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EUR/USD  has  reversed directions  in Thursday trading, posting modest gains. The pair is trading in the  low-1.36 range  in the European session.  In economic news, Eurozone  CPI posted a gain of 0.8%, matching the  estimate.  Core CPI gained 0.7%,  missing its estimate. In the US, it’s a busy  day with  three  key events – Core CPI, Unemployment Claims  and the Philly Fed Manufacturing Index.  As well, Fed chair  Bernard Bernanke will deliver a speech in Washington.

Here is a quick update on the technical situation, indicators, and market sentiment that moves euro/dollar.

EUR/USD Technical

  • EUR/USD  traded slightly above the 1.36 line for most of the Asian session,  consolidating at 1.3608. The pair  has edged  higher  early in  the  European  session.

Current range: 1.3615 to 1.3675.

Further levels in both directions:   EUR USD Daily Forecast Jan. 16th.

  • Below:  1.3615, 1.3550, 1.3450, 1.34, 1.3320, 1.3240 and  1.3175.
  • Above: 1.3675, 1.3710, 1.3800, 1.3832, 1.3940 and 1.4036.
  • On the downside, 1.3615 is  under strong pressure.  1.3550 follows.
  • 1.3675 is the first line of resistance. 1.3710 is next.

 

EUR/USD Fundamentals

  • 7:00 German Final CPI. Exp. 0.4%. Actual 0.4%.
  • 9:00 ECB Monthly Bulletin.
  • 9:00  Italian Trade Balance. Exp. 3.88B. Actual 3.09B.
  • 10:00 Eurozone CPI. Exp. 0.8%. Actual 0.8%.
  • 10:00 Eurozone Core CPI. Exp. 0.9%. Actual 0.7%.
  • 10:00 German Buba President Weidmann Speaks.
  • 13:30 US Core CPI. Exp. 0.1%.
  • 13:30 US CPI. Exp. 0.3%.
  • 13:30 US Unemployment Claims. Exp. 327K.
  • 13:30 US Treasury Secretary Jack Lew Speaks.
  • 14:00 US TIC Long-Term Purchases. Exp. 42.3B.
  • 15:00 US Philly Fed Manufacturing Index. Exp. 8.8 points. See how to trade this event with EUR/USD.
  • 15:00 NAHB Housing Market Index. Exp. 58 points.
  • 15:30 US Natural Gas Storage. Exp. -296B.
  • 16:10 US Fed Chair Bernard Bernanke Speaks.

*All times are GMT

For more events and lines, see the  Euro to dollar forecast.

 

EUR/USD Sentiment

  • US PPI bounces higher: Low inflation levels in the US remain a concern, as this  is an indication of  an underperforming economy. On Tuesday, the Producer Price Index posted a gain of 0.4%, reversing directions after three consecutive declines.   On Wednesday, Chicago Fed President Charles Evans said that the low rate of U.S. inflation is “both puzzling and worrisome,” and enough reason to maintain low interest rates, even if the employment picture continues to brighten. We’ll get another look at inflation indicators on Thursday, as the US releases Core CPI and CPI.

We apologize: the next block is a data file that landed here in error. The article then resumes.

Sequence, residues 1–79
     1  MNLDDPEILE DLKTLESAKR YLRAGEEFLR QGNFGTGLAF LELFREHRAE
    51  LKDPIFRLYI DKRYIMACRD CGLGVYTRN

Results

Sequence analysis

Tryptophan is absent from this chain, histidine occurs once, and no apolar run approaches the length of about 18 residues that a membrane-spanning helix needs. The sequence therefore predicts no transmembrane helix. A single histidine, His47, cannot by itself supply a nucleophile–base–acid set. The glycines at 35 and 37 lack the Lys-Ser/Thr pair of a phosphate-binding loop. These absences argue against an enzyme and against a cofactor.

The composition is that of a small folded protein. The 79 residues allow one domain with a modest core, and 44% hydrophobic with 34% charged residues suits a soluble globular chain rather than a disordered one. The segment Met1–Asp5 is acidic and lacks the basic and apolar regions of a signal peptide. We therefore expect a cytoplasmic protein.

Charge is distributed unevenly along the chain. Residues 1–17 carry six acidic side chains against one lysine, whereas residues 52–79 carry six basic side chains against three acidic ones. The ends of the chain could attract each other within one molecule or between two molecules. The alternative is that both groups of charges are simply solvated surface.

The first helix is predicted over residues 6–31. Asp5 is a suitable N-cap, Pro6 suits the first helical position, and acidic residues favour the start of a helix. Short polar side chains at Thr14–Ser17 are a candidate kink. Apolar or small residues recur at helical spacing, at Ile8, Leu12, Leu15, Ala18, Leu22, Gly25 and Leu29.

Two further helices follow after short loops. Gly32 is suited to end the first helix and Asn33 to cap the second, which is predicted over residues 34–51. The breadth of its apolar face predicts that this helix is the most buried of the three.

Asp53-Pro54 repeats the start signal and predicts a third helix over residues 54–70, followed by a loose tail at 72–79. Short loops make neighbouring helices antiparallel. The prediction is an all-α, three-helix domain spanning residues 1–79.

• US retail numbers in all directions: US retail sales numbers painted a mixed picture on Tuesday. Retail Sales dropped sharply to 0.2%, down from 0.7% in November. However, this figure matched the forecast. Core Retail Sales took the opposite route, jumping to 0.7%, compared to 0.4% the month before. This easily beat the estimate of 0.4%. Retail sales are an important gauge of consumer spending, and these numbers will have to improve if the recovery is to pick up speed.
  • Taper  likely to continue despite  weak NFP:  Last week’s dismal Non-Farm Payrolls report may create some concern in the  markets, but is unlikely to change the Federal Reserve’s  path of tapering QE, which it started  just  this month. In December, outgoing Fed chair Bernard  Bernanke  strong hinted that  the  Fed planned to wind  up  QE by the end of 2014,  reducing  the asset-purchase program by increments of $10  billion at each meeting. The Fed  next meets for a policy meeting  on  January 28, and the question is will the Fed reduce  QE by another  $10 billion, down to $65 billion each month.  Most analysts feel that  one bad employment report will not affect the taper  schedule and we will see another reduction in  QE  at the next meeting.              
  • Steady course for ECB: The  first ECB rate announcement of 2014 was a non-event, as the central bank held the benchmark rate at a record low of 0.25%  last week. Mario Draghi’s press conference did not make waves and move the currency markets, as has often been the case in the past. Draghi  said  that monetary policy will remain accommodative for as long as is needed to help the Eurozone economy recover, and that interest rates will likely remain at present or lower levels for the foreseeable future. If growth and inflation indicators continue to look weak, the ECB may have to  take action at its next meeting in February.